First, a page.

Speaking to us at the end of her I-House residency is Daria Dudenkova, who came to live at I-House in 2016 while she did her postgraduate work in Education as a Fulbright Scholar. During her time here, she embraced many of the opportunities offered to Residents: completing the year-long Women’s International Leadership program, winning a Davis Peace Prize grant, and serving as a Resident Fellow for Language Exchange. We caught up with Daria to talk about her I-House Experience and aspirations.
Tell us a little about your background. Where are you from, and what inspired you to come to I-House?
I’m Russian, from the capital, Moscow. I did my BA in Teaching Chinese as a Foreign Language at the Moscow City Teachers Training University. Also I was lucky enough to go and live in China for two years to study the language. After that I worked as a simultaneous interpreter for a few years back home, but decided to pursue my passion for education and come to the States. I got funded by Fulbright and they highly recommended that I live at I-House—they had previously sent their grantees there and everyone simply loved the experience.
Tell us about your work. What were you studying during your residency?
Like many at I-House, I’m proud to call Teachers College my alma mater. I did my Masters in Instructional Technology and Media and currently work as a Senior Instructional Designer for the New York City Department of Homeless Services, part of the NYC Human Resource Administration. My job is simply amazing. I develop trainings for NYC homeless shelter staff on how to use different strategies and technologies to complete their job the best, fastest and most efficient way possible. We constantly work with different projects and stakeholders. One of my personal favourite projects was “Fair Fares” – a program created by NYC Mayor Bill de Blasio, City Council Speaker Corey Johnson, and members of the City Council to help New Yorkers with low incomes manage their transportation costs. Using the Fair Fares NYC MetroCard, eligible New York City residents receive a 50% discount on subway and eligible bus fares. It’s fascinating to realize that what I do impacts thousands of New Yorkers and ultimately makes the world a better place.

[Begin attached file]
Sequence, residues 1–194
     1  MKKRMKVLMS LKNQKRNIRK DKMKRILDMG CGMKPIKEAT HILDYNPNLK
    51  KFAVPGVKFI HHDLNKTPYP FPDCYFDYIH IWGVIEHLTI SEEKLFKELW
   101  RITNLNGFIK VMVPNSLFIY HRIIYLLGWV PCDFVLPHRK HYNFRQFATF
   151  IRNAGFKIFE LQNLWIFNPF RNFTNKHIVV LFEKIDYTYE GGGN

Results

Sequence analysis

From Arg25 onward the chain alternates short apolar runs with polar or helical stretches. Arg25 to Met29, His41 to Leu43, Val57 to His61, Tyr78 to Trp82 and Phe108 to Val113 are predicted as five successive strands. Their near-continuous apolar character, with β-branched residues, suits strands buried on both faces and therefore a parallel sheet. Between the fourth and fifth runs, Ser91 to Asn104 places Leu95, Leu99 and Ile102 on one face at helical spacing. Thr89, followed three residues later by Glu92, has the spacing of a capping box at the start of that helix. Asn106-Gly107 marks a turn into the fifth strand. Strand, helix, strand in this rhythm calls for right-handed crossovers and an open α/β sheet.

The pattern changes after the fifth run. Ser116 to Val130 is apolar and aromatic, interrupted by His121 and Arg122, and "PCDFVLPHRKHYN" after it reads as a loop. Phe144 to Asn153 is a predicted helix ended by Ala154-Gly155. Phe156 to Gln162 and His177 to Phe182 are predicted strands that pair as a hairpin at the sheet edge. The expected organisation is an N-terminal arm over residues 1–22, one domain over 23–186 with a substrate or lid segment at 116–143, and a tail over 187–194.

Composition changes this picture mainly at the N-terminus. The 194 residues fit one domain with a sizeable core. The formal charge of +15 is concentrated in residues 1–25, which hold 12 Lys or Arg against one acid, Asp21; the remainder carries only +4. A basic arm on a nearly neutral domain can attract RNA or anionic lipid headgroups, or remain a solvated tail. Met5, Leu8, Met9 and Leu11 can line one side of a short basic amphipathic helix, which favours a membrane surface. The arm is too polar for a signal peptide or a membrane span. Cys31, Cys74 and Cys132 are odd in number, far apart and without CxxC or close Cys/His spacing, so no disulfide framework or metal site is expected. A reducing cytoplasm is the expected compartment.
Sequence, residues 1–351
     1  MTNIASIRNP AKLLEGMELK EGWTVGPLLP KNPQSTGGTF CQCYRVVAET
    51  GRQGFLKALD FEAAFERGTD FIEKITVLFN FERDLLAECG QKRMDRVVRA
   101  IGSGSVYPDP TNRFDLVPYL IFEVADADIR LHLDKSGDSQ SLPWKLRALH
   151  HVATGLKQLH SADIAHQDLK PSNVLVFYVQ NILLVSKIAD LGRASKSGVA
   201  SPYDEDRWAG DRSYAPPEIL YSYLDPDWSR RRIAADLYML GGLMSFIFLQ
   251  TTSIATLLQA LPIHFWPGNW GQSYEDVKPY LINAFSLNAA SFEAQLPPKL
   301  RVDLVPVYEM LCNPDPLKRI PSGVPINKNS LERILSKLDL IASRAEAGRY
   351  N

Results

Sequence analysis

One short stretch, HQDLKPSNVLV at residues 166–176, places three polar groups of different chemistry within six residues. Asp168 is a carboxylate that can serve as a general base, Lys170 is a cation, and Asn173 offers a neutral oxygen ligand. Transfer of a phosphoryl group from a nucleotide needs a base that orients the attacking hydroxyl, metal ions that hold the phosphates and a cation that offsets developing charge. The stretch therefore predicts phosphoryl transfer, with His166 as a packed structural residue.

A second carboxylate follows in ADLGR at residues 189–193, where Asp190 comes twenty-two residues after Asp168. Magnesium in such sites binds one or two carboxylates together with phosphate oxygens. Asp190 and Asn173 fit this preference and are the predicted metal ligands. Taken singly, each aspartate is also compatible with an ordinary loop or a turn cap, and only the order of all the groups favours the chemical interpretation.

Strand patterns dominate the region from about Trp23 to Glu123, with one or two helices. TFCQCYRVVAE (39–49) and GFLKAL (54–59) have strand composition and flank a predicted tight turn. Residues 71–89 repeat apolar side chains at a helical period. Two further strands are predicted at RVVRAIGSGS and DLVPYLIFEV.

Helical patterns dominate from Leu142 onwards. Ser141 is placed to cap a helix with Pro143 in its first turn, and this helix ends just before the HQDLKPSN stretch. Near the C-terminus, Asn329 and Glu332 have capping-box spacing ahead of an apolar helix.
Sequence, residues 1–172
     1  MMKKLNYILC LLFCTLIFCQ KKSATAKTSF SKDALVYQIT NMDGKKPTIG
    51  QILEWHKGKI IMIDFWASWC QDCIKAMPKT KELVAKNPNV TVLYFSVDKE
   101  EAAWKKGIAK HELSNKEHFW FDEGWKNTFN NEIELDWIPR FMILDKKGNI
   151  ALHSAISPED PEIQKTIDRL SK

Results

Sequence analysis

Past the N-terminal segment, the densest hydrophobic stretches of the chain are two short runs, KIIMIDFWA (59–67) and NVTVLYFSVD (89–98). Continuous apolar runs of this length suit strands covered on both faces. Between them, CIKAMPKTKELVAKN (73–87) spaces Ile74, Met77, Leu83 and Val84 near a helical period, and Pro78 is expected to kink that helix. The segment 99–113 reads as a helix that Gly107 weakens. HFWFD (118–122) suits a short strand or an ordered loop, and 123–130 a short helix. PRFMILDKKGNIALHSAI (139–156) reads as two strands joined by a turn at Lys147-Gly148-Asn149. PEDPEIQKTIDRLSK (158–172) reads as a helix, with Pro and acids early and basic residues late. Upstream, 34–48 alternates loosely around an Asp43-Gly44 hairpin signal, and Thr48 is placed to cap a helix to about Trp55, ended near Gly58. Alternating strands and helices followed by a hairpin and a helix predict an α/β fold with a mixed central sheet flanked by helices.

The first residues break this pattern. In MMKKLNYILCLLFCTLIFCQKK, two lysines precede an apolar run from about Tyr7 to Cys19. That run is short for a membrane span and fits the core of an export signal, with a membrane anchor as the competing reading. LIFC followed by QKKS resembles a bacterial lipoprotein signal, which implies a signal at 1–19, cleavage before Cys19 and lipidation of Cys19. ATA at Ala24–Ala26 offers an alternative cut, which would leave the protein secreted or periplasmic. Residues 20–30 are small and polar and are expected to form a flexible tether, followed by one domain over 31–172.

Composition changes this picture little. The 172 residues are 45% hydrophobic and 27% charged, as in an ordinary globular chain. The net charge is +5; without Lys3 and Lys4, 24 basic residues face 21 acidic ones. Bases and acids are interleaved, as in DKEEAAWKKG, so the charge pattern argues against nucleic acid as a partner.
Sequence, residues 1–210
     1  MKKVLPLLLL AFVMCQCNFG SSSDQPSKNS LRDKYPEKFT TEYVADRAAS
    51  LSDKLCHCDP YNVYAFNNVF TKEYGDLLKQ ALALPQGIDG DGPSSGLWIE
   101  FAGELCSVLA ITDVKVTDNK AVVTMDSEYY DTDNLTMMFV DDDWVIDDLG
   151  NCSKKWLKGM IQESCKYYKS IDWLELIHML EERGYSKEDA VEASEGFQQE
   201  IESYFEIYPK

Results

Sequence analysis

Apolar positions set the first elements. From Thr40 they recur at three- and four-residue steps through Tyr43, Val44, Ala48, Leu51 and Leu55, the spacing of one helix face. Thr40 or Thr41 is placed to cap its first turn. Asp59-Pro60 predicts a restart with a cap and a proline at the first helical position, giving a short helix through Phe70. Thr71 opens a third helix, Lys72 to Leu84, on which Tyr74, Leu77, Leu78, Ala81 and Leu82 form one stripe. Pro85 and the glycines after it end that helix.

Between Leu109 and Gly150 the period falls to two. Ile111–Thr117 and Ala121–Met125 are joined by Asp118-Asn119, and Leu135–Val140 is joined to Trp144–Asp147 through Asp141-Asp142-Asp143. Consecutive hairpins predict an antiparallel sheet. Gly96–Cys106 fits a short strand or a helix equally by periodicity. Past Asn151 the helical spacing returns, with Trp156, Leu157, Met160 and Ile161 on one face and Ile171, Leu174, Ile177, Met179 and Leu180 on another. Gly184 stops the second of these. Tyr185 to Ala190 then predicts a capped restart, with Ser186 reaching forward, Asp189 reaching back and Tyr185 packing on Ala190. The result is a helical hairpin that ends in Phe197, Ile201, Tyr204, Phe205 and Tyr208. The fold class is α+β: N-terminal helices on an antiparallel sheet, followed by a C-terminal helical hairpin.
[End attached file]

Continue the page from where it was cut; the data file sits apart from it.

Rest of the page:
You lived here for almost 3 years. What were your favorite things about living here? Anything in particular stand out?
I’m in love with foreign languages. I got a chance to be an I-House Language Exchange Fellow and work with so many amazing language teachers. We would have the most fascinating conversations about how a language can shape the way we think. For example, in Russian the word “ambitious” has a very clear negative connotation, whereas in the western world it doesn’t. And that ultimately explains why I’m so bad at writing things like motivation letters and anything that makes me sound ambitious. I just feel like it’s inherently bad because Russian is my native language. All in all, what I want to say is—the more we understand other languages and cultures, the more we can develop one of I-House’s core values – Empathy.
Do you think being a part of the I-House community has helped you progress in your career goals? How?
Networking. Networking. And a little more networking. My dear WIL Fellow ladies and I were treated to a talk by the amazing Kelly Hoey, who said: “Most of your professional opportunities are going to come from the circle closest to you or their acquaintances.” That is so true. I-House gathers such brilliant young world leaders—even now that I won’t be physically in the House, I always know that the connections I will need are at the tips of my fingers.
Someday I might like to open my own instructional design consultancy. Let’s see how it goes. I will be eternally grateful to I-House for the leadership skills I gained. I’m the most introverted person you will probably meet in your life. I’m always tempted to sit in the corner and read my book, virtually in any social situation…and don’t get me wrong, I would still rather do that now, but if I know I have to, I will step up and lead. I-House taught me how.
Finally—any advice for current Residents?
Too many fire department visits last year [for microwave mishaps].